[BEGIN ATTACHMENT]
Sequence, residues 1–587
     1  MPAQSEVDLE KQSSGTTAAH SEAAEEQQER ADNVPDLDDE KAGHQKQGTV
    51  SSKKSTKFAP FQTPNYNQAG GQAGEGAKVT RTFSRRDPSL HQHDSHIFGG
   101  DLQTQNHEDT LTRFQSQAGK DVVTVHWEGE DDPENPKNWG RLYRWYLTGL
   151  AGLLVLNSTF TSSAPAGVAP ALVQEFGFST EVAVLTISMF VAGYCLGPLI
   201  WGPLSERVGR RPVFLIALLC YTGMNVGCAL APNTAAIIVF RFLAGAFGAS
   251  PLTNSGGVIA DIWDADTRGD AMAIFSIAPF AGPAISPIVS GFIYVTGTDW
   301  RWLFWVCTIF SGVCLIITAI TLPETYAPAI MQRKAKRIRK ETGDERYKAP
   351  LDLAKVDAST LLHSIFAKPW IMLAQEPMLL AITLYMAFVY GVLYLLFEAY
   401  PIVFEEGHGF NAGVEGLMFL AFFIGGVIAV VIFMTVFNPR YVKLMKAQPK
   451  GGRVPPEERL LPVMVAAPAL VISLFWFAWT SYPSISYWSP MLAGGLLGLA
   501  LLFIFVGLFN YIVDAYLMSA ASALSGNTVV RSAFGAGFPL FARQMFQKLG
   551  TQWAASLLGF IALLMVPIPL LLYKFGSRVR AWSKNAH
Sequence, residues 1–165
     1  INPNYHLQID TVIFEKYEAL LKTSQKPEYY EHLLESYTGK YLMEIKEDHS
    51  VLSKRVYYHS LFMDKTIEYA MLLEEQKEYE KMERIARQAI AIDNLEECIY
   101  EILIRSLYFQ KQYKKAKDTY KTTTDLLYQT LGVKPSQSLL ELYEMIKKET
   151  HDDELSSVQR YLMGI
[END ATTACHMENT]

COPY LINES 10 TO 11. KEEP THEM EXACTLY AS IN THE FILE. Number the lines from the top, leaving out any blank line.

   401  PIVFEEGHGF NAGVEGLMFL AFFIGGVIAV VIFMTVFNPR YVKLMKAQPK
   451  GGRVPPEERL LPVMVAAPAL VISLFWFAWT SYPSISYWSP MLAGGLLGLA